Has Trump’s talk of a wall on southern border had this unintended consequence?

Has Trump’s talk of a wall on southern border had this unintended consequence?
Wall wars.

Act now, and avoid the fall rush. That seems to be the message (albeit most likely in Spanish) circulating among citizens south of the border in reaction to GOP presidential hopeful Donald Trump’s announced plan to build an impenetrable wall between the U.S. and Mexico.

Reuters notes:

From the slums of Central America to close-knit migrant communities in U.S. cities, Trump’s rise to the front of the Republican pack has not gone unnoticed and is partly behind a spike in the numbers of migrants trying to enter the country, including children traveling without guardians.

Interviews with migrants, people smugglers and officials show many migrants are trying to cross now instead of facing tighter policing and new policies to halt illegal immigration if Trump or another Republican wins the Nov. 8 election.

“If Trump wins, we’re all screwed and all Latinos are screwed,” Isaias Franco, a 46-year-old from El Salvador who was deported from the United States late last year and is now trying to get back, said at a migrant shelter in Ciudad Juarez, just across the border from El Paso, Texas.

According to data culled from the U.S. Customs and Border Protection (CBP), 150,304 migrants were detained trying at the U.S.-Mexico border between October and February, which represents a 24% increase over the same period last year:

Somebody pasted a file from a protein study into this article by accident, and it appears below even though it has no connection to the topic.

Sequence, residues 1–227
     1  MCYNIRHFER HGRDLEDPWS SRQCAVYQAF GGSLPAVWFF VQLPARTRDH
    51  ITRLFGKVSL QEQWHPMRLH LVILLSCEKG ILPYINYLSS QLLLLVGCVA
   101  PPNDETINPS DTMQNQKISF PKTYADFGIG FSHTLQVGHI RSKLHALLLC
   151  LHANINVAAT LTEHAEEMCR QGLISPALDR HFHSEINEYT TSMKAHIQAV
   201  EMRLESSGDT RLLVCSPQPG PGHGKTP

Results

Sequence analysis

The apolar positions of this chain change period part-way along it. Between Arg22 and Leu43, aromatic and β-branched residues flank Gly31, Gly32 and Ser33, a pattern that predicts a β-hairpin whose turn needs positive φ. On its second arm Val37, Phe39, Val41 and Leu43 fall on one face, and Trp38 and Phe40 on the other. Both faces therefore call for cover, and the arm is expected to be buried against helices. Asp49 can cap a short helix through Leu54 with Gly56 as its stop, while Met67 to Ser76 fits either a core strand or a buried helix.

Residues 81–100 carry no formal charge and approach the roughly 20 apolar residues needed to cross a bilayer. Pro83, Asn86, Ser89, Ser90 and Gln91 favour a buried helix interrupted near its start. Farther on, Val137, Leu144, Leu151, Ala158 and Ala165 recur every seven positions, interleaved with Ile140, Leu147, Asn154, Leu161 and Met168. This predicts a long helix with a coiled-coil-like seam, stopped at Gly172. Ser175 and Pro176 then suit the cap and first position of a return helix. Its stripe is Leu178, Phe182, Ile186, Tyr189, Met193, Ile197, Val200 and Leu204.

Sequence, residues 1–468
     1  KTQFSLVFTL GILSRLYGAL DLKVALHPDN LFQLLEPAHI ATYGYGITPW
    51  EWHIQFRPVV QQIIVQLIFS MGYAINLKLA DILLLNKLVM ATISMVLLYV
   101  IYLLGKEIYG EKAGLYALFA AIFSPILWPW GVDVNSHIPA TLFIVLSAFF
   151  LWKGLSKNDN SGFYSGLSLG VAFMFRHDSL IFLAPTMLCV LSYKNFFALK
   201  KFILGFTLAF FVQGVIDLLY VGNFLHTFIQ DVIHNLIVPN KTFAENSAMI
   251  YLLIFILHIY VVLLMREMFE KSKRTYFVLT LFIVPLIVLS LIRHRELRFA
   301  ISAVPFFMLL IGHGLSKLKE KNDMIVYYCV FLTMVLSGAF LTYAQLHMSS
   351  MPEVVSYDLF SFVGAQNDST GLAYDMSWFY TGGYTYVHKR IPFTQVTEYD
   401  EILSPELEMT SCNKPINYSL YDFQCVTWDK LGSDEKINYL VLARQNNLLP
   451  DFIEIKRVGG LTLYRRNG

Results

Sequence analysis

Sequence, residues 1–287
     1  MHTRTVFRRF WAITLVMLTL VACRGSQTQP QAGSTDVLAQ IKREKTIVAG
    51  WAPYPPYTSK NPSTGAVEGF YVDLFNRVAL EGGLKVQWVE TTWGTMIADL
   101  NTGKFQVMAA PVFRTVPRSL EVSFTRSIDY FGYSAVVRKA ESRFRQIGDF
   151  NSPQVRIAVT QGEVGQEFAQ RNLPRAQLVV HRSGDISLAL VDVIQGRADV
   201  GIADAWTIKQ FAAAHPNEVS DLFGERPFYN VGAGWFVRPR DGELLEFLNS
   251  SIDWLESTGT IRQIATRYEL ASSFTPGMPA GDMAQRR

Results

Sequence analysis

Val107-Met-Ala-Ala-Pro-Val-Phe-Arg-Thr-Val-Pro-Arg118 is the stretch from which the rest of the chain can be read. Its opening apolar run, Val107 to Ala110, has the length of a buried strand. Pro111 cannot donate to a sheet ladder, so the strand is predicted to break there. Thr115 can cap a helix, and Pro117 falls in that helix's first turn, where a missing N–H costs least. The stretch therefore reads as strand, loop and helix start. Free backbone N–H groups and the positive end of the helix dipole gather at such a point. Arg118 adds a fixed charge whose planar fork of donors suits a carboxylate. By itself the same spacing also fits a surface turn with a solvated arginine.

Image: Reuters
Image: Reuters

Similar data for “unaccompanied” child migrants — those traveling without a guardian — is not yet available, but between October and January, 20,455 kids were apprehended on the southwest border, up over 100 percent from a year ago.

If in fact the data accurately reflects a trend among illegals who planned to sneak across the border at some point but have sped up plans, they are giving Trump too much credit. Building a wall along the entire 2,000-mile length of the southwestern border, according to CBP estimates, would take many years — likely decades — to complete. Then there would be the ongoing cost and manpower required to maintain it. In 2010 alone, the CBP repaired 4,037 breaches in the existing fences.

The government would also need to expropriate private land, which would be both expensive and unpopular. And the border would still need policing, as illegal immigrants will try to breach, tunnel under, or climb over any fence.

Ben Bowles

Ben Bowles

Ben Bowles is a freelance writer.


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